Democrats propose price negotiation plan with drugmakers
Democrats from the US House of Representatives are looking to introduce legislation that would require the country's Health and Human Services Secretary to negotiate lower prices for the Medicare insurance programme with pharmaceutical companies.
HR 4, the 'Medicare Prescription Drug Price Negotiation Act,' states that "the secretary shall negotiate with pharmaceutical manufacturers the prices...that may be charged" to organisations offering coverage through Medicare, which deals with some 43 million elderly and disabled Americans. In the past, drugmakers declined to negotiate with the government, claiming that such price control measures would force them to cut spending on R&D for innovative drugs. Under the 2003 Medicare law, passed by a Republican Congress, insurers and their agents currently negotiate prices with drug manufacturers and the law prohibits the secretary from interfering in the matter.
It appears that this situation may now change. The Democratic Party gained control of the House after a huge victory at the polls in November and has traditionally been regarded as less than favourable to drugmakers than the Republican Party. However, the bill also states that private insurers would establish their own list of covered drugs and the secretary could not "establish or require a particular formulary," which has led some analysts to dispute the effectiveness of the new plan.
The response from the country's industry association has been guarded. The Pharmaceutical Research and Manufacturers of America's senior vice president Ken Johnson said that "we've just received a copy of the legislation and we're trying to determine the practical implications of it." He added that "while we are very supportive of the Medicare prescription drug benefit - and are committed to making a good programme even better - we remain strongly opposed to any price control schemes which would limit the choice of medicines available to seniors and disabled Americans."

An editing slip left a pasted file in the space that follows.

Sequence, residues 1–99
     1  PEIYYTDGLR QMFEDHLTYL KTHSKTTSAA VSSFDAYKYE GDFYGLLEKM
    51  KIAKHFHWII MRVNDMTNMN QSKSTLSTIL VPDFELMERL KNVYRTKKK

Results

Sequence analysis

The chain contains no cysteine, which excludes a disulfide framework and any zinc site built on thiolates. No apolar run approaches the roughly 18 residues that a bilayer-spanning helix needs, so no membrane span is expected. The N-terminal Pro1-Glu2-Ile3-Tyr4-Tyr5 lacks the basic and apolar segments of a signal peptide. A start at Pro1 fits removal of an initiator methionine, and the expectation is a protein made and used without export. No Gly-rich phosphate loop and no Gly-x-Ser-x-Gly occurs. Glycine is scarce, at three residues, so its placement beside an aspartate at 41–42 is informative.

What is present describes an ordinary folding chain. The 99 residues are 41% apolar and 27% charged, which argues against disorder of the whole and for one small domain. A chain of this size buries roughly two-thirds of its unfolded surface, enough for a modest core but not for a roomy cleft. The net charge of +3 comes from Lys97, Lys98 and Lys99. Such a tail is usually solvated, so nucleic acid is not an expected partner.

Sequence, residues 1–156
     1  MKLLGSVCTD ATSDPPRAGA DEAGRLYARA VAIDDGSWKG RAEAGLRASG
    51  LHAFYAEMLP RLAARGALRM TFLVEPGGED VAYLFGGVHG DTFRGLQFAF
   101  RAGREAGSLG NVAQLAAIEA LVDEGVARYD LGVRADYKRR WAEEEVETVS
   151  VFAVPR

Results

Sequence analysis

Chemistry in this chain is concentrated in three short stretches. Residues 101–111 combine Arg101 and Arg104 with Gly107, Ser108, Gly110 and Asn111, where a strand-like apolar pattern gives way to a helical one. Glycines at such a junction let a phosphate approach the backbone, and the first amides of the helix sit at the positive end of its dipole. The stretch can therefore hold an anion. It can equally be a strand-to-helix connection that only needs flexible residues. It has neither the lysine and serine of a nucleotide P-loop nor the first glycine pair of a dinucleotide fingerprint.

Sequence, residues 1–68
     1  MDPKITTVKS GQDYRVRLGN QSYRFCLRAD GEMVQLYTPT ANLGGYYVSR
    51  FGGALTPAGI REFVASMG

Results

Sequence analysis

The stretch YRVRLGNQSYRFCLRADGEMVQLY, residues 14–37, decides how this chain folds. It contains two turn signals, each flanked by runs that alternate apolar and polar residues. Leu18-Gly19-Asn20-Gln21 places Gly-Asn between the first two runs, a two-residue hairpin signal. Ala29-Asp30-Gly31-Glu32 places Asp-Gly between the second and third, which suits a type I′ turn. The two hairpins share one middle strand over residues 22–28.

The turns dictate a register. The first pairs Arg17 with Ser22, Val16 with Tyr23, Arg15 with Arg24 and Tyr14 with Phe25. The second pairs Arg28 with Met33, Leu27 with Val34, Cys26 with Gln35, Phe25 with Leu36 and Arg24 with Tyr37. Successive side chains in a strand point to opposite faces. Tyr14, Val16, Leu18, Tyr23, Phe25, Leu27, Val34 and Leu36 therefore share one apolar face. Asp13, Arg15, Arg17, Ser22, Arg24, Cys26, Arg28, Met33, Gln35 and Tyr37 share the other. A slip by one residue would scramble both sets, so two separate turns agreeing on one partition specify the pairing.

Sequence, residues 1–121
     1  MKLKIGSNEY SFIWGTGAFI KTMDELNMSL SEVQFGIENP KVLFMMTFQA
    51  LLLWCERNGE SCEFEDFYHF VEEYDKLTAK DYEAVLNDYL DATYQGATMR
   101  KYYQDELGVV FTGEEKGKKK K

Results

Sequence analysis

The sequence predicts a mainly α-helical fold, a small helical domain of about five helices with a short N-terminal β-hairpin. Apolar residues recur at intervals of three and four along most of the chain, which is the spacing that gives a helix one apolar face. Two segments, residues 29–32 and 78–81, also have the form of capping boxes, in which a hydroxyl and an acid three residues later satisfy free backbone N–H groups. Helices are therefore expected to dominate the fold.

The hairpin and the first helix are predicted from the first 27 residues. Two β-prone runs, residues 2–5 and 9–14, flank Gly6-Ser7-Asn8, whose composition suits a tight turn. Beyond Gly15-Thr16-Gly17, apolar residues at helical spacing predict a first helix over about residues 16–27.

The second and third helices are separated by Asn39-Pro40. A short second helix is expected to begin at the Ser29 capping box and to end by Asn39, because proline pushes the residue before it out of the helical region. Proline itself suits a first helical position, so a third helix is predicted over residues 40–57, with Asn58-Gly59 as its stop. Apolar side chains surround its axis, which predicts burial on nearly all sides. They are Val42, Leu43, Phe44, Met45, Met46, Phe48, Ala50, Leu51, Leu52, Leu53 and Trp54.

Much more pleased with the proposed changes was William Novelli, chief executive of AARP, which represents 38 million elderly Americans, who said he backed "the common sense approach to give the HHS secretary the opportunity to develop a workable negotiation process for prescription drugs, consistent with the structure of the Medicare drug benefit, with the ultimate goal to lower drug costs."
A vote by the full House is expected later this week and if the bill passes, it must go to the Senate, where Democrats hold a slim majority, before it goes to President Bush, who has the power to veto such a measure.
Medicare is top issue facing US drug industry in 2006
Consultancy firm PricewaterhouseCoopers has issued a report on the top 10 business issues for the pharmaceutical and other healthcare industries in 2006, headlined by the impact the Medicare Prescription Drug Benefit legislation will have in the USA.
This bill, which went into effect on January 1, will inflate Medicare's share of US prescription drug spending from just 2% in 2005 to a hefty 28% this year, according to PwC's Health research Institute, creating a powerful single purchaser of drugs that will be able to negotiate strongly on price.
This could ultimately affect the profitability of health plans, pharmacy benefit managers and drug manufacturers, according to the report. Programmes that fail to attract enough subscribers are likely to see premium hikes, and the US Congress could rein in spending if Medicare costs continue to increase.
Meanwhile, hospitals in the USA will have to tackle the problem of care and coverage of the uninsured, as more and more Americans drop health insurance coverage. A few payers have begun to collaborate on pilot programmes to develop low-cost health insurance coverage, but hospitals will need to develop a way of handling uninsured patients that does not cripple the financially or lay them open to regulatory problems or loss of reputation.
"The simple days of $10 co-pays will become a distant memory for hundreds of thousands of Americans with high-deductible health plans and Health Savings Accounts," according to PwC. More than three-quarters of large employers believe they can cut healthcare costs by asking their employees to pay a greater share of those costs.